Get things done. At Rakuten this maxim is one of our brand concepts and it guides all that we do – even if the “thing” to be done is a climb up a 1,900 meter-high mountain.
In early September dozens of executives of the Rakuten Group – from as far afield as France, the U.S. and Singapore – made what has become an annual trip deep into the Japan Alps, north of Tokyo, to a small village at the foot of the renowned Mount Tanigawa.
“Tomorrow, we climb the mountain,” announced Rakuten Founder and CEO Hiroshi “Mickey” Mikitani, as the group gathered at a local hotel. Earlier that day they had held meetings in Tokyo, discussing results and the company’s future strategy as part of the quarterly Leadership Summit. Now they were turning their thoughts to even loftier goals.
Unfortunately, the following day threw up an additional challenge, heavy rain, but there was no stopping the ascent – and no dampening of spirits. Divided into several groups, the climbers made brisk progress at first, walking and at times clambering up the rocky paths that lead up the mountain. Towards the summit, the rain and wind got stronger, threatening to turn the path into a small river and testing even veterans of the annual climb.
“I’ve done this four times, and today has been the toughest, with the rain – and it’s a bit cold as well,” said Oskar Miel, Executive Officer and Rakuten FinTech Fund Managing Partner. “It’s also extremely wet and very slippery.”
For many, teamwork helped them rise to the challenge.
“If you feel tired there are people around you who say, ‘No, no, no, let’s do it. A few more meters.’ It’s very nice to see how everyone encourages each other,” said Rahul Kadavakolu, Director of the Global Marketing Supervisory Department.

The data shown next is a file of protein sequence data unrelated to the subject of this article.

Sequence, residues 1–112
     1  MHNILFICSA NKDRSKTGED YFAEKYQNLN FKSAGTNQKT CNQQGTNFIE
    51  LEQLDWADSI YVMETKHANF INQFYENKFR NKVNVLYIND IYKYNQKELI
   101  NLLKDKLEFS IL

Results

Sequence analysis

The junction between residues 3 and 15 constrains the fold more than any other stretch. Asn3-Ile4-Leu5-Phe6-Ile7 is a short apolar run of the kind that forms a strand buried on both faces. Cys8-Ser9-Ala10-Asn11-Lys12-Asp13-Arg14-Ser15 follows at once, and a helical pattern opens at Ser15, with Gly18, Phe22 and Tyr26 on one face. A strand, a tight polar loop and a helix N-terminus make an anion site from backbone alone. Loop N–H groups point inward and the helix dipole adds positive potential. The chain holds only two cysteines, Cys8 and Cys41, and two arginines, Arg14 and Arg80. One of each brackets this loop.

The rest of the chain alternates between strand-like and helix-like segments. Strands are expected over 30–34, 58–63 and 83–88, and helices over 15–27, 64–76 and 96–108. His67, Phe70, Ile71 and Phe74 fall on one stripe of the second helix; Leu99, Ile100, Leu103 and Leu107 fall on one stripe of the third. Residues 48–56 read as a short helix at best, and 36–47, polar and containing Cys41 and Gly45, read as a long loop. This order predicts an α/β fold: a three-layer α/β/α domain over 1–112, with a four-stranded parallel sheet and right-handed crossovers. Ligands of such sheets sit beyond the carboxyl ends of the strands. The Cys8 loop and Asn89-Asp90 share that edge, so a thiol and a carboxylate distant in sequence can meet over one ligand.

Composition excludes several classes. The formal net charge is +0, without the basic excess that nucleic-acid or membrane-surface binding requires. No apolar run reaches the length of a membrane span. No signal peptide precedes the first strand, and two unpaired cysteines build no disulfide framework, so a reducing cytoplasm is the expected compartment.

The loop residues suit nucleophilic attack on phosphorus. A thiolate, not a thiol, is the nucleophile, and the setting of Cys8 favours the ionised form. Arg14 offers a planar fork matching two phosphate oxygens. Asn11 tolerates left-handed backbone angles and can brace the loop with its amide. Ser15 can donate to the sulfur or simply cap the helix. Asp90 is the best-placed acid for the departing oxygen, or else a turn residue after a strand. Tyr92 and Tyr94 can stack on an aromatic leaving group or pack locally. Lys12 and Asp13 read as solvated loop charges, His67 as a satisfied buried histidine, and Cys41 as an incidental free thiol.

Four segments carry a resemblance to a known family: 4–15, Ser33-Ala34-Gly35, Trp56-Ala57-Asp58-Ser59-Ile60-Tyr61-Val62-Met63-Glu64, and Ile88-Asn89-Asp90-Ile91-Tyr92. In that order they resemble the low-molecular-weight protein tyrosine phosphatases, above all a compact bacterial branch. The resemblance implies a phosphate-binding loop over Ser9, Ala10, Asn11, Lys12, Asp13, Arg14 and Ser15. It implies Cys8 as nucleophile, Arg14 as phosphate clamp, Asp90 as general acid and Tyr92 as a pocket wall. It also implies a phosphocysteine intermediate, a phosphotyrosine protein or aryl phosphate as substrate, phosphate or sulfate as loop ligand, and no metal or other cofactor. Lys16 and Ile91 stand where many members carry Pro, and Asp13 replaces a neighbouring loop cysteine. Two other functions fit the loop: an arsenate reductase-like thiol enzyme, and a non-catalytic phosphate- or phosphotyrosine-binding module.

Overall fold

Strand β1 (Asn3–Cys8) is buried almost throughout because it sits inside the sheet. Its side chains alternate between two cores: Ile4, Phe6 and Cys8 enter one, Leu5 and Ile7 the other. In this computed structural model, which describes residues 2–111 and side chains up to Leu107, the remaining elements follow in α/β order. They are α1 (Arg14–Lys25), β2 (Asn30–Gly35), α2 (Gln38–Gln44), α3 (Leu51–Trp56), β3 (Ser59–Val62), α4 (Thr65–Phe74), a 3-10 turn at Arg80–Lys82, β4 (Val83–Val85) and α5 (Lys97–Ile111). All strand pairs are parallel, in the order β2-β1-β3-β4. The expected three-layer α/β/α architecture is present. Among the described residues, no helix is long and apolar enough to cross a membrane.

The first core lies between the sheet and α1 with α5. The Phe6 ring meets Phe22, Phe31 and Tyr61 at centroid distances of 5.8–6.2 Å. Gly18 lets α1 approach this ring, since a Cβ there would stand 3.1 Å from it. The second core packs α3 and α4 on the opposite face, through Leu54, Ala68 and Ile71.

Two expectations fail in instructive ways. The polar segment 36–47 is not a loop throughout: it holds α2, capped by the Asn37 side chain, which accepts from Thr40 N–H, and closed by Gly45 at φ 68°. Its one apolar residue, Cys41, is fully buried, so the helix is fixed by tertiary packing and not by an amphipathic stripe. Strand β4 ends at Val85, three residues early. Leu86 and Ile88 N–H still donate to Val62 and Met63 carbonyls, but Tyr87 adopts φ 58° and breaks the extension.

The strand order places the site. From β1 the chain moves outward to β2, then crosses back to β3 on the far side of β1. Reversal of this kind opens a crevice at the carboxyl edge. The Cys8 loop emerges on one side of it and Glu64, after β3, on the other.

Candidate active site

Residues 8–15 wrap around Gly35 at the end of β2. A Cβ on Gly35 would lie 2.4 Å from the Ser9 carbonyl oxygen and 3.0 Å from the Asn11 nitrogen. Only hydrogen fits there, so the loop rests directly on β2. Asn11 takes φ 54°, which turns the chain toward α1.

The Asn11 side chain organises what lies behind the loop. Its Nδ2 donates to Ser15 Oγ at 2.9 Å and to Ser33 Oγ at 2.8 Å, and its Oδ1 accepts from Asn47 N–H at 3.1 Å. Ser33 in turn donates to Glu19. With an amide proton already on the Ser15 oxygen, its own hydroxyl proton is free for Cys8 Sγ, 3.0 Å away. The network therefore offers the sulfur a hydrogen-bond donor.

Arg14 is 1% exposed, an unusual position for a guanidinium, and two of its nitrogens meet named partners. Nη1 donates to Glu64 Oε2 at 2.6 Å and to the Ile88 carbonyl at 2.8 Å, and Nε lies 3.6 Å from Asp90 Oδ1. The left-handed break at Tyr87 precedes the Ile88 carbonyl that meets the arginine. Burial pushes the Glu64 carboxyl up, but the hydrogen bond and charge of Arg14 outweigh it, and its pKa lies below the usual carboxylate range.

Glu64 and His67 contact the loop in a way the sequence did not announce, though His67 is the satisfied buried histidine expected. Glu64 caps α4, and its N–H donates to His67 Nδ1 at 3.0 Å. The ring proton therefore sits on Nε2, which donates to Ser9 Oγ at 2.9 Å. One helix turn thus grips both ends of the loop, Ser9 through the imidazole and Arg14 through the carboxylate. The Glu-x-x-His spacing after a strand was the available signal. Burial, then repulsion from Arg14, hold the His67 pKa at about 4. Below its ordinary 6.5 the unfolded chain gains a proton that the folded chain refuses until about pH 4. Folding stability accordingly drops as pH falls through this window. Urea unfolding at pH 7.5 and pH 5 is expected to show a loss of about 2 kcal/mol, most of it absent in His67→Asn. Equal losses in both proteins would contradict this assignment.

Mount Tanigawa is known as one of the most dangerous mountains in the world, having claimed more than 800 lives since the 1930s, compared with Mt. Everest’s 200-plus. While the danger of slipping was palpable to many of the intrepid executives, they were heartened to know that most of the mountain’s deaths had occurred during the winter months and by an alternative, and much more difficult, rock-climbing route.
As the party climbed, there were several brief moments when the heavy fog lifted, allowing them to enjoy glimpses of the lush valleys at their sides. But there was no such joy at the summit.
Still, after four hours of climbing, not even rain and biting cold was going to detract from the joy of having “got things done.”
“It’s my first time to be up here. I love it, it’s amazing. I feel so privileged to be here,” Joanne Waage, CEO of Viki, said through the wind and rain.
Like the others, she quickly snapped a photograph at the summit marker – “evidence,” as they said – and then soon turned back to start her descent.
A few hours later, when the triumphant group returned to the foot of the mountain, the sense of satisfaction grew.
“It was one of the more challenging years this year, I think, but we all stayed together, we made it back to the end, we brought everyone back,” said Rakuten Kobo CEO Michael Tamblyn.
Others pointed out how valuable the experience had been for team-building.
“It was a great opportunity to casually talk with our colleagues and do team building, and at the same time discuss the strategies and what we should do going forward,” said Takuya Kitagawa, Executive Officer and Director of the Data Intelligence Supervisory Department.
Mickey was pleased with the team’s efforts, too.
“We all climbed up as a team and came down as a team, so it was fantastic, without any accidents,” he said – though even he couldn’t help but joke about the weather.
“It was very good weather,” he deadpanned. “No, it was actually raining, foggy and cold!”
For more on the Mount Tanigawa climb, check out the Rakuten News Network video: